The information and recommendations below were developed to address a wide area release of fentanyl as a weapon of terrorism, and are not specifically intended to address exposures associated with fentanyl use as an illicit drug. NIOSH is currently in the process of reviewing more recent research and publications regarding appropriate emergency response guidelines for fentanyl. Consequently, some of the guidelines presented on this page may be different than recommendations for emergency response personnel responding to fentanyl used as an illicit drug. Please see this website for information for emergency response personnel responding to fentanyl as an illicit drug: https:///niosh/topics/fentanyl/ .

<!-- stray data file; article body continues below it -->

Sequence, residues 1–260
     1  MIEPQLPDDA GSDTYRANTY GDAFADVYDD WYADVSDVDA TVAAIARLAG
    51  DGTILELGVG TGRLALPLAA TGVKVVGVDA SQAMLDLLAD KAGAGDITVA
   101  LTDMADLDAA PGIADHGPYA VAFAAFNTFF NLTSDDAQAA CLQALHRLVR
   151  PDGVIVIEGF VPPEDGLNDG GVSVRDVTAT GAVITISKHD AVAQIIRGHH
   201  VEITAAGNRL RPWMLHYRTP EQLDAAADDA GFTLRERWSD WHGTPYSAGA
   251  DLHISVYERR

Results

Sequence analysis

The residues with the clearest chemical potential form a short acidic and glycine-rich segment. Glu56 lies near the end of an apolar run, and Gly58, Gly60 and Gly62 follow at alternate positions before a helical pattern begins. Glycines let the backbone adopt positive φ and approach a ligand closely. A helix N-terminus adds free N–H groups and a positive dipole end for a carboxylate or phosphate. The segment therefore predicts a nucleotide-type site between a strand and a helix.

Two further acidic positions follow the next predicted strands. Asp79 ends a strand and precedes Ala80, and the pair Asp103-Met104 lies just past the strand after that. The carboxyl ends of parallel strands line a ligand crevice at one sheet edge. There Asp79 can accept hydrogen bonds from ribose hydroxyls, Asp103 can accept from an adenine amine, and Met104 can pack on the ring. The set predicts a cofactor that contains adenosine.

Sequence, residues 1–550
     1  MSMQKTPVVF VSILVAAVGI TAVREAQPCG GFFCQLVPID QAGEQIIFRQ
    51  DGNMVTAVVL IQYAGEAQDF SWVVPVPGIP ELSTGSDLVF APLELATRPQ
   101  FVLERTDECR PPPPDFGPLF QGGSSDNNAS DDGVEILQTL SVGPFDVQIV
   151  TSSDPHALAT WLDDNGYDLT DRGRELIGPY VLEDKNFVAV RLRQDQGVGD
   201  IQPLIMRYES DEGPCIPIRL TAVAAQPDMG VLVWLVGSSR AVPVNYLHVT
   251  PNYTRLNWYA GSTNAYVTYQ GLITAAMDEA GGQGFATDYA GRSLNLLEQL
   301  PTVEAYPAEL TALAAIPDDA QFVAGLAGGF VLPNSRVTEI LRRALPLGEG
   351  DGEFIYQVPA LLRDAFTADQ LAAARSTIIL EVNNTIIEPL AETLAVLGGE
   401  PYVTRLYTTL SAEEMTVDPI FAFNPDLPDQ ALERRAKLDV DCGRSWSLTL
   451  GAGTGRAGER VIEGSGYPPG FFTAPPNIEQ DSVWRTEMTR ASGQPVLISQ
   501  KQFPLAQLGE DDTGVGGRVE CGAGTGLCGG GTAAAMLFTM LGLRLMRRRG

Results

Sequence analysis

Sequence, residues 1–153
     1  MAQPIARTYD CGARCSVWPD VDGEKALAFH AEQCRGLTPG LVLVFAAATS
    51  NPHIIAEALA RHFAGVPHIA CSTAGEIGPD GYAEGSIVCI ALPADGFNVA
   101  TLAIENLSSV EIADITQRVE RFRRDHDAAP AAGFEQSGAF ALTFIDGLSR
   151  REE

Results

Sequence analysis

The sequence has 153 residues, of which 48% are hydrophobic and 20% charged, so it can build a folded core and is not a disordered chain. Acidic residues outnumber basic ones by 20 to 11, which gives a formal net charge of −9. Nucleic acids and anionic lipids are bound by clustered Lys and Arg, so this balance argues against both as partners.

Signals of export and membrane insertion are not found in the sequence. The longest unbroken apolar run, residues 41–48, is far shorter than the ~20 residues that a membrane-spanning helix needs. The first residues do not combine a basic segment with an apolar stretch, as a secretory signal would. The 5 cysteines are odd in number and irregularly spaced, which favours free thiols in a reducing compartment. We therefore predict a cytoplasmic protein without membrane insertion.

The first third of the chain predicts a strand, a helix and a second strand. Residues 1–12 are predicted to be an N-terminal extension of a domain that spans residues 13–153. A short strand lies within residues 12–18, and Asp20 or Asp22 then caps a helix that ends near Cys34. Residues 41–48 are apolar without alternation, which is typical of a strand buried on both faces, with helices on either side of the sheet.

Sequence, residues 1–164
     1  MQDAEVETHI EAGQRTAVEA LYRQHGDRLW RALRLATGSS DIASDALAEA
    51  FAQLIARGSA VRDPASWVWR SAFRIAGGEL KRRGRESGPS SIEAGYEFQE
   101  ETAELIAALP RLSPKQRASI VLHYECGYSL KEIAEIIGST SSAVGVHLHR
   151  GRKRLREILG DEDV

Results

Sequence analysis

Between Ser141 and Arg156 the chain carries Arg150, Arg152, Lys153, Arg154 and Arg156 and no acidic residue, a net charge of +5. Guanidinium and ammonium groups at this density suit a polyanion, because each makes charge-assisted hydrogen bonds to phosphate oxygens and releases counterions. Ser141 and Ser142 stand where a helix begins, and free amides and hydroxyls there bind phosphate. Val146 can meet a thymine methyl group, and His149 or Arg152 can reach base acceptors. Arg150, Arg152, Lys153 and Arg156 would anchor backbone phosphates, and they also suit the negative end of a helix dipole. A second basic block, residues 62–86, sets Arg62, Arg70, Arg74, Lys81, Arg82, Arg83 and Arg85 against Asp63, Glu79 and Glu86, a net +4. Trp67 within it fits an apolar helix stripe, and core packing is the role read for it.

Risks of Use in Patients with Increased Intracranial Pressure, Brain Tumors, Head Injury, or Impaired Consciousness: In patients who may be susceptible to the intracranial effects of CO 2 retention (., those with evidence of increased intracranial pressure or brain tumors), ACTIQ may reduce respiratory drive, and the resultant CO 2 retention can further increase intracranial pressure. Monitor such patients for signs of sedation and respiratory depression, particularly when initiating therapy with ACTIQ. Opioids may also obscure the clinical course in a patient with a head injury. Avoid the use of ACTIQ in patients with impaired consciousness or coma.